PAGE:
NEARLY 1,000 patients at Poole Hospital waited longer than four hours to access A&E last month.

The trust saw 936 patients left waiting for longer than the target period between arrival and admission, transfer or discharge. At the Royal Bournemouth and Christchurch Hospitals (RBCH) 509 patients faced a four hour delay or more, and 220 at Dorset County Hospital.

Hospitals across the UK have been struggling with high admission rates over the winter period, described by NHS bosses as a “crisis”.

Yet in Dorset, the delay figures matched or exceeded the average for England.

The percentage of patients admitted, transferred or discharged within four hours was 85 per cent at Poole Hospital – the England average – and 93 per cent at RBCH and 97 per cent at Dorset.

But they fell below the ‘operational standard for A&E waiting times’, which is 95 per cent.

At the busiest period in December, RBCH was processing only 85 per cent of patients within four hours, and dhief operating officer Richard Renaut said: “Throughout the year we’ve consistently been in the top quarter of trusts in the country for this target.

“However, like most trusts, we’ve had an incredibly busy winter already with an unprecedented demand on our services.”

In November, Poole Hospital saw 93.1 per cent within four hours and Royal Bournemouth Hospital met the target at 95 per cent.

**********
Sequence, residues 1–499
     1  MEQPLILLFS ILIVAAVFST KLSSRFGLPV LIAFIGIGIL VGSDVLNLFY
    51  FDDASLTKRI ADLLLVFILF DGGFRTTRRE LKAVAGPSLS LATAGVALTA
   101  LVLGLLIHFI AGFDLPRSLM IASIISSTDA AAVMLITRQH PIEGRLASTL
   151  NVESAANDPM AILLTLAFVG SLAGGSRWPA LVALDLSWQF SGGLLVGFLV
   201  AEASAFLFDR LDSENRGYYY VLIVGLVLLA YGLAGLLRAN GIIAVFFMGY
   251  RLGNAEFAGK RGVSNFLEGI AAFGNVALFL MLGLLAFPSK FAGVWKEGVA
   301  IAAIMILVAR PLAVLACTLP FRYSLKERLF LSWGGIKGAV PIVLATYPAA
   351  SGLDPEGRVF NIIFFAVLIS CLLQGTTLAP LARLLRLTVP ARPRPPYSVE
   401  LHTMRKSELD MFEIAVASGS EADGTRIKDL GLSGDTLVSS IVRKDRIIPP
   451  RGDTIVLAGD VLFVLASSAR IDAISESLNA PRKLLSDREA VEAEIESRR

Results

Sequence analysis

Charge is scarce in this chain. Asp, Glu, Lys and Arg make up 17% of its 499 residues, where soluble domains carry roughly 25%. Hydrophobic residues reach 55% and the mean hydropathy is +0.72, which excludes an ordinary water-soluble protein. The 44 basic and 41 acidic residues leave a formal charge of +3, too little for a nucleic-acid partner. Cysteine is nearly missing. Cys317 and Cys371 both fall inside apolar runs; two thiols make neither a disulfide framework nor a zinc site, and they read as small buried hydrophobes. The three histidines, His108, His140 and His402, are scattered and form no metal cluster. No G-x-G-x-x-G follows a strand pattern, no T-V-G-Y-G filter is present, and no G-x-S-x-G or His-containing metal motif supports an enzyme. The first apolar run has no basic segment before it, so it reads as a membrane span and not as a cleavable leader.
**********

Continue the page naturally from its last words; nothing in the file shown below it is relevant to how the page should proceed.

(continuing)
Nationally, the latest NHS figures show that waiting time performance in accident and emergency departments has hit its lowest level since it was introduced 14 years ago. The 85 per cent average is the worst result since the target was introduced in 2004.

NHS England said staff had been faced with working in a “perfect storm” of appalling weather, persistently high hospital admissions due to flu, and a renewed spike in norovirus.

A spokesman added that, despite the challenging conditions, the NHS treated 160,000 more A&E patients within four hours this winter compared with the previous year.

The Royal College of Emergency Medicine said it was calling on patients to write to MPs and call for action to address the serious challenges facing A&E departments. It said the “unprecedented move” was in response to the figures, which also showed the worst ever performance of 76.9 per cent at major emergency departments, excluding specialist and minor injury units.

College president Dr Taj Hassan said: “Let’s be very clear - the current crisis in our emergency departments and in the wider NHS is not the fault of patients. It is not because staff aren’t working hard enough, not because of the actions of individual trusts, not because of the weather or norovirus, not purely because of influenza, immigration or inefficiencies and not because performance targets are unfeasible.

“The current crisis was wholly predictable and is due to a failure to prioritise the need to increase healthcare funding on an urgent basis.”